The Fed has chosen to raise rates slowly in order to avoid slowing down the economy. When rates rise quickly, it can cause an upset in the current economic function. The Fed is raising rates in an effort to improve the economy, but in order to do that, economic factors need time to adjust or everything could drop. Raising rates quickly is a great way to slow down an overheated economy, but since things are moving slowly now, a steady rise is the best move.

This rise in rates has been a long time coming. During the financial crisis of 2008, the Fed had dropped interest rates to nearly zero in an attempt to boost the economy and the collapsed real estate sector. But now that the economy has been steadily emerging from the crisis, with just five percent unemployment rates and recently growing wages, a rise in rates is long overdue.

The last time the Fed met in the Federal Reserve Building to make a change in the interest rates was in December of 2008 immediately following the largest drop in the economy the country has seen since the Great Depression. (Photo by Mark Wilson/Getty Images)
The last time the Fed met in the Federal Reserve Building to make a change in the interest rates was in December of 2008 immediately following the largest drop in the economy the country has seen since the Great Depression. [Photo by Mark Wilson/Getty Images]
The Reserve also recognizes the powerful impact this move will have.

“The economic recovery has clearly come a long way, although it is not yet complete. Room for further improvement in the labor market remains and the inflation rate continues to run below our long term objectives,” Yellen continues.

Because of the extremely low rates in the past, the Fed has decided to take it slow and monitor the market closely before raising rates any more. They are seeking low unemployment and stable inflation, with a target of two percent on inflation rates. Right now, it’s closer to zero. Experts are predicting that at this rate, it will reach two percent in 2018.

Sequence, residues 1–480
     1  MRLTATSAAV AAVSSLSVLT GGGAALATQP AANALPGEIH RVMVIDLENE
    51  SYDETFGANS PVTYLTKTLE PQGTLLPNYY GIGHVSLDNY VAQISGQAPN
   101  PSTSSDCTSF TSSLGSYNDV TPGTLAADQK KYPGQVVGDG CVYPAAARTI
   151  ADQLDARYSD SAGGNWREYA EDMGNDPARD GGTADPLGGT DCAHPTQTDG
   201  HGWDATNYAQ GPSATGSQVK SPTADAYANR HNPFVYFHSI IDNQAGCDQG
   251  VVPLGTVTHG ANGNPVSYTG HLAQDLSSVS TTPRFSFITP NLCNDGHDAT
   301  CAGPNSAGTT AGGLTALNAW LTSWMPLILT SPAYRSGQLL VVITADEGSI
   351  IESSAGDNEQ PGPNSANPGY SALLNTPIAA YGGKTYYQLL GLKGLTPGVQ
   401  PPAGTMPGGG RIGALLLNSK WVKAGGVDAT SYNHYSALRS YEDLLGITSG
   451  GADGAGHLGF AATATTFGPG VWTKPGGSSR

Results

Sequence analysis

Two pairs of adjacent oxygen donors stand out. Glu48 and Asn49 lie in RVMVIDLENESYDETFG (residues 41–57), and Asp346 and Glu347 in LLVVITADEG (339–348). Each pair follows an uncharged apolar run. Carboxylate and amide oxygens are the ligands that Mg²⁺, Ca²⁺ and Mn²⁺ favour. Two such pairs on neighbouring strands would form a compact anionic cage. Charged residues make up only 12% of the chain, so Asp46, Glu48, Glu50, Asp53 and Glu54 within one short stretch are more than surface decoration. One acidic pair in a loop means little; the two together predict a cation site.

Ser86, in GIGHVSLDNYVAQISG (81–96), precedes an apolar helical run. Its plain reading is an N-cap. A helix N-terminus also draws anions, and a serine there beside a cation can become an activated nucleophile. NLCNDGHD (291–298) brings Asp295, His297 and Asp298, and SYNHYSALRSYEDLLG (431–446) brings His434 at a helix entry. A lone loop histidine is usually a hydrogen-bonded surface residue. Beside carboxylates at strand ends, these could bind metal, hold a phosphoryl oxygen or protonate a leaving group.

In addition, the committee is forecasting an improved economic outlook for growth. Instead of a 2.3 percent growth rate, the Fed now insists that it’s closer to 2.4 percent, with a 0.1 percent decrease in unemployment.

Still, Yellen admits that the Fed will be keeping a close watch on the economy in order to adjust rates as necessary.

“With the economy performing well and expected to continue to do so, the committee judged that a modest increase in the federal funds rate target is now appropriate, recognizing that even after this increase, monetary policy remains accommodative.”

The last thing they want is for this rate hike to cause another market drop that would leave the economy in shambles.

Now that the Fed has finally increased interest rates, the economy is expected to slowly improve for consumers, bankers, entrepreneurs, and investors alike.

[Photo by Mark Wilson/Getty Images]